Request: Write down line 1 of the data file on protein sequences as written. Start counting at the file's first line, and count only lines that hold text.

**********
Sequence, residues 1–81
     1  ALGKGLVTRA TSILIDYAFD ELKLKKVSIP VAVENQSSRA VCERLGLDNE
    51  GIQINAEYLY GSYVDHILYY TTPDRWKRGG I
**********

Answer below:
Sequence, residues 1–81